Now that you have your book and are ready to share it with the world, take a moment to think back to when you first decided to write.
How does it feel?
You did it. And regardless of what happens next, you can be proud of YOUR novel.
But, if you want to sell it to the reading world, you will need to publish it.
When you do this, you will be a published author.
Ebook, Paperback, or Hardback
As a self-published author, you won’t have an agent or publishing house deciding which path to take. At this point, it’s up to you.
In order to give yourself the best possible chance, I recommend doing all three.
I published my novel on Amazon for a few reasons, but below are my three main reasons.
- They are the biggest ebook retailer on the planet. 68% of ebook sales take place on Amazon KDP (Kindle Direct Publishing) according to about.ebooks.com
- It was very straight forward to do, and with a slight tweak to the manuscript file, you can upload for paper and hardback. I will make a walkthrough article for this soon.
- For ebooks priced over £1.99, you make 70% royalties, and 35% for £1.98 and below.
Other Self-Publishing Platforms
Amazon is not the only place to publish an ebook. However, if your sign up for KDP Select, you do sign up to an exclusivity agreement, and cannot publish anywhere else. That being said, below is a list of other ebook publishers to consider.
- Kobo Writing Life
- Barnes and Noble press
Currently, I have no experience with these publishers and cannot comment on their services with any authority. But there are many sights available online that can give you details. However, I will do some homework and write on them in future.
Paperback and Hardback
Despite people saying “books are dying,” I have had more paperback sales than ebook sales. This is simply because people enjoy holding a physical book.
With Amazon KDP, the royalty percentage remains the same, but only after the printing cost has been deducted.
A quick example:
A 300-page paperback with dimensions of 6”x9” will have a minimum listing price of £6.17. This is because the printing cost is around £3.70.
If you choose to sell your paperback for £7.99, you will receive around £1.09 in royalties.
To plug in your own numbers, take a look at Amazon’s royalties calculator
Publicising and marketing
The only way people will buy your book is if they know about it.
Several months before this step, you should’ve been creating social media accounts. In doing so, you will have promoted your book, engaged with readers and reviewers, and got your name out there as an author.
Being active on social media will benefit you in more ways than you realise. In this article I talk about making friends and relationships within the #writingcommunity. You will create a system of support with like-minded people who will help you succeed.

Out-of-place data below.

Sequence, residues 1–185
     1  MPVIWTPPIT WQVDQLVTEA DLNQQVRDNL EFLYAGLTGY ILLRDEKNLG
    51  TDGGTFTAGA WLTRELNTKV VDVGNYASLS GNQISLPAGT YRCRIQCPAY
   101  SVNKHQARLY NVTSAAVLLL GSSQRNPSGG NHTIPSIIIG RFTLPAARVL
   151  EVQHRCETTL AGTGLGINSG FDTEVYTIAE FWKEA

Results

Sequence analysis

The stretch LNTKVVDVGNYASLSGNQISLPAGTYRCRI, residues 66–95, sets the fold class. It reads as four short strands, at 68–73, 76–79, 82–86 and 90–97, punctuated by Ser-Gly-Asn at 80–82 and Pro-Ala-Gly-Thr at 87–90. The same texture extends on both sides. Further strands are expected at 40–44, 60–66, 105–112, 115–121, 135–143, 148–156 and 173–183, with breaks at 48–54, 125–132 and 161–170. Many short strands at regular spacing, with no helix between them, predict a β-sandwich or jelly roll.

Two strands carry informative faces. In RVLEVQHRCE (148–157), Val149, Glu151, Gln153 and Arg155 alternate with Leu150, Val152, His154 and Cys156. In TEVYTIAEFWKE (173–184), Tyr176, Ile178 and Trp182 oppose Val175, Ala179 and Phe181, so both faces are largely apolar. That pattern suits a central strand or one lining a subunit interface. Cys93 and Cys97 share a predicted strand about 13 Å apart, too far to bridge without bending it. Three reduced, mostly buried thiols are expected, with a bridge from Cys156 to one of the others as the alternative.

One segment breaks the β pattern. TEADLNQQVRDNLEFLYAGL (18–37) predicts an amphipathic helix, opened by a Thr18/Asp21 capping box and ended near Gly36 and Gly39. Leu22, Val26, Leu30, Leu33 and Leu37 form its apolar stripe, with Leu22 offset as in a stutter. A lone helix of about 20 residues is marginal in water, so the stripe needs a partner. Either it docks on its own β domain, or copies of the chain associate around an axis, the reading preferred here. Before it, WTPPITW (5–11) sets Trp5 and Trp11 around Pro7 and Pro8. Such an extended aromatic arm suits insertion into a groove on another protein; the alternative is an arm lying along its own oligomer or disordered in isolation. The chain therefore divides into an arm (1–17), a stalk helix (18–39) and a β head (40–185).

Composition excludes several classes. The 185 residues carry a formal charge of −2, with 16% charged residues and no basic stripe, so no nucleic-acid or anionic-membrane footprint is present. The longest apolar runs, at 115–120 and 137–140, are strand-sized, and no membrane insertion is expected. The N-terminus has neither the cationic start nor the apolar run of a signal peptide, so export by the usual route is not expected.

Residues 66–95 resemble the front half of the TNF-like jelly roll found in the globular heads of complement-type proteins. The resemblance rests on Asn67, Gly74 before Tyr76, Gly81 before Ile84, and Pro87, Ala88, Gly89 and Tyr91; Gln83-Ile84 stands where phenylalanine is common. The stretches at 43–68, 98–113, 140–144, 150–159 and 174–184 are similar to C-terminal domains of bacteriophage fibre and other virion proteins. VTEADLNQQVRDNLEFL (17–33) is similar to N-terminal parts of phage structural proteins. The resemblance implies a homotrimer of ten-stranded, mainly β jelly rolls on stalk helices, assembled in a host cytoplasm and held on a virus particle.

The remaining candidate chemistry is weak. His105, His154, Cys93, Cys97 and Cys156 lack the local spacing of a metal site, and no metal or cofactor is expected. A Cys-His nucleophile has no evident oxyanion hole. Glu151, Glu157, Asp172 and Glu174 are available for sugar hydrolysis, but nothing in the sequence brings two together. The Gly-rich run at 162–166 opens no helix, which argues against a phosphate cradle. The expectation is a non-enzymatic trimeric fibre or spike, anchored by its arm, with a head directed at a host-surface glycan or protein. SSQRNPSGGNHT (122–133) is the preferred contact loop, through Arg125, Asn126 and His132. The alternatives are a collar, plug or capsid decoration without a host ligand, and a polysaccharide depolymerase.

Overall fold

Now is the time to put all that to work.
Before your novel is available, you should be creating “hype” around the release date. You should already have ARC reviews in your pocket for the release day. And even be quoting snippets from some of your best reviews (along with the name of the reviewer).
If this is done right, your launch date should see some healthy sales that will give your book some momentum.
If you don’t ask, you don’t get.
Writers and bloggers will almost always leave a review. This is because we appreciate how important they are. However, the average customer will read and move on.
If you personally know someone who bought your book, ask them politely to leave a review. Remind them that they don’t have to write War and Peace, and they don’t have to give an academic dissertation on your work. They simply need to tell others their opinion.
*A word of warning*
Never, under any circumstances, offer anything is exchange for a review. If you do, you will be in breach of your platform’s policies. They could remove your book from their platform or remove your account. And it will be very hard to get it back on there.
There is nothing wrong with gifting someone a copy for an honest review. This is what you do with ARCs. But anything more than this is unethical and wrong.
Word of Mouth
Talk about your book to those who are interested. How will people know you have a book out there if you never talk about it?
I have had several sales thanks to conversations with people who like to read. One lady in work said, “Any suggestions for a good Thriller?” I casually said, “Have a look at August–Lost on Amazon.” Well, she did, and she loved it. It wasn’t until she recommended it to another person in work that she realised it was my book.
Now, I get asked almost every week about when they can expect the next book.
That being said, avoid forcing your book into conversations. It still amazes me how some people can turn any conversation into “football talk.” Don’t be that person.
You have written a novel. Take a moment and appreciate your accomplishment. Every now and then, I smile when I remember those first few words going down on the page.
You can and should be proud of what you have done.
And never shy away from the fact that you are a self-published author. It is a huge thing to have done all this yourself.
There is still some stigma in the general public who think you have to be represented by an agent, or published by one of the big 5. But that stigma is dying away.
People are beginning to appreciate how much work, time and effort goes into self-publishing a novel. And you are someone who did it all.
Congratulations, fellow author.
You did it.